To make a girl I really don’t know. She is somewhat the same as a boy but some difference such as hair, skirts and such. Well, no, they are not alike and, yes, they are different after all.

To draw a man and woman just do the same difference as for a boy and girl. It depends on what is in your mind.

To draw pictures remember to think first and make your think. That’s what I do and Mother says I do well.

As quoted by Mr. Sayre, President Coolidge in his address to Congress on December 5, 1928, said: ‘The cost of national defense is stupendous. It has increased $118,000,000 in the past four years.’ President Hoover’s recent pronouncement emphasizes the same idea.

In Mr. Sayre’s article, ‘ America at the Crossroads,’ appearing in the July number, mention is made of the cost of naval defense in 1912 as compared with 1926-27. The figures given, 244 million in 1912 and 580 million in 1926, seem on the surface to indicate an enormous increase in naval expenditure on the part of this country. However, when allowance is made for two factors, decrease in buying power of the dollar and increase in population, the corrected figures for comparison purposes no longer appear as alarming as they might seem at first sight. Applying a correction of 60 per cent, the 244 million spent in 1912 appears as the equivalent of 390 million 1926 dollars. Considering further an increase in population of approximately 40 per cent between 1912 and 1926 and assuming that reasonable preparation for defense should increase in about the same proportion as increase in population, the value of 390 million is corrected to approximately 545 million. This corrected figure of the 1912 expenditures is fairly consistent with the actual 1926 expenditure of 580 million. I have not taken the pains to study further the effect of expansion of our foreign trade on any corrected comparison figures of our naval expenditures, but would not be surprised to find the difference of 35 million between corrected 1912 expenditures and actual 1926 accounted for in the phenomenal increase in our foreign trade.
The above calculations may not be exact, as they are the result of a hasty reference to almanacs and yearbooks following reading of Mr. Sayre’s article, but they serve to show that America’s preparations for war are not as alarming as intimated, and reassure my general common-sense impression that this country has not become increasingly warlike in spirit in the last decade and a half.
Sincerely yours,

Shakespearean America.
The article in your August number by Charles Morrow Wilson entitled ‘Elizabethan America,’ in which certain portions of Maryland, Virginia, Kentucky, and Tennessee are described as unique in that the people retain to a large extent the English of the time of Shakespeare, is subject to only one criticism: it ignores other sections which ‘enjoy’ the same peculiarity.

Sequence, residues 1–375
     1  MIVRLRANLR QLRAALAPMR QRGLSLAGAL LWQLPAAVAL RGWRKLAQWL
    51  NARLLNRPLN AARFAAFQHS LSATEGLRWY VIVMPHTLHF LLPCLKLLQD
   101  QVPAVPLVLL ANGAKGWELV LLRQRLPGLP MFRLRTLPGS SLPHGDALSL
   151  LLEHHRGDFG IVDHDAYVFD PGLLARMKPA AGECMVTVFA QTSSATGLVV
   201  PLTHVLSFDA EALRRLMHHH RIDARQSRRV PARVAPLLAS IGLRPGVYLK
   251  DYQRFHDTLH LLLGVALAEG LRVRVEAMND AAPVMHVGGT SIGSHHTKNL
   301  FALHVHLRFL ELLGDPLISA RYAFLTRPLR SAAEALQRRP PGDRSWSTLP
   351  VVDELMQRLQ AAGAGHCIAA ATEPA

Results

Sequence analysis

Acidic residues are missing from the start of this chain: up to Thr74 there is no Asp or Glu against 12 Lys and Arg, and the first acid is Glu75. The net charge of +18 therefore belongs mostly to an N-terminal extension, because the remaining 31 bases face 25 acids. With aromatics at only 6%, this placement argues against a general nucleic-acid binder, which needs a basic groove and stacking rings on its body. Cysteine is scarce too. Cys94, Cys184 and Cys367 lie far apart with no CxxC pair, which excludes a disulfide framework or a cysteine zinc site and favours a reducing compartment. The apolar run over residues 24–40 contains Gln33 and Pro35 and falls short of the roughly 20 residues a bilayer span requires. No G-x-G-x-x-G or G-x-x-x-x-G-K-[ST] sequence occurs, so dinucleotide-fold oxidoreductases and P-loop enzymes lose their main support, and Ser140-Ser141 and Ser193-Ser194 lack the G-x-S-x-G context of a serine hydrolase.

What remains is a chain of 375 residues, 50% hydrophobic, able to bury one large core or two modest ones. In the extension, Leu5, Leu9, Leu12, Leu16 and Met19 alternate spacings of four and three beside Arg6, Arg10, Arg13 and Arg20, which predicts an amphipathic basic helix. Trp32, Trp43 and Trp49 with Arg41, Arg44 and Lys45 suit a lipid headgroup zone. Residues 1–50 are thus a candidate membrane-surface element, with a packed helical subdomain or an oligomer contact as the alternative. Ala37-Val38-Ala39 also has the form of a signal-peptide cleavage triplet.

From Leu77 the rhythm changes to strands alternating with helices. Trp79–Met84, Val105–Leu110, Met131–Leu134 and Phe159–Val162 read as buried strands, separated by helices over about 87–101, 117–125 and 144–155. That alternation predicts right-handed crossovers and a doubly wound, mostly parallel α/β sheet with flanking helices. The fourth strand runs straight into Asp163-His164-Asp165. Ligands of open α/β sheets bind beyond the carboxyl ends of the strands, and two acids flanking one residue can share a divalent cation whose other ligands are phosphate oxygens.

In southern Indiana, living among the hills surrounding the famous French Lick Hotel will be found a people commonly and habitually using exactly the same idiom. Indeed, there is not a peculiar word or expression set forth in Mr. Wilson’s article that I do not recall having heard in common use among these people in my boyhood days.
They are the descendants of early American settlers who came west mostly from Virginia in the days immediately after the Revolutionary War, mostly through the Cumberland Gap — as did the Lincoln family, for instance. The country in which they settled is rugged and largely unproductive, and their experience has, no doubt, been similar to that of those who settled in the mountains of eastern Kentucky. In this vicinity the Lincoln family settled for a time and here is found the grave of Nancy Hanks. Living among the neighboring hills to-day are the descendants of her friends and familiars — still speaking the English that she spoke.
Very truly,

Prompted by a Club paper, ‘Our Educational Tablecloth,’ a correspondent, Mrs. George Edward Clark, remarks that many years ago an original hostess helped herself to a large number of mossy headstones, with which she paved her dining room. Her guests read with absorbed interest the hic jacets, often in rustic rhyme, which were bestrewn beneath their feet, and no little amusement was derived from the quaint epitaphs over which they hitched their chairs. Breakfast became a brighter meal.

Automobiles and employment.
In the August Contributors’ Column, Mr. N. L. Mangouni of Detroit takes exception to Mr. E. A. Filene’s statement that ‘in the motor industry there is no evidence of even temporary unemployment due to increased production.’ Then Mr. Mangouni proceeds to prove ably that Mr. Filene would have been wrong if he had said only that ‘in the motor industry there is no evidence of unemployment.’ But Mr. Mangouni did not catch the real meaning of Mr. Filene’s statement, which, if I read correctly, was this: —
Increased production due to better machinery has caused neither permanent nor even temporary unemployment in the motor industry.
I think Mr. Mangouni will agree with that statement. Detroit’s labor troubles arise, not from machinery, but from changes in the market which are always difficult, often impossible, to predict. The machinery is right; the principle of mass production is right; the market is the stumblingblock.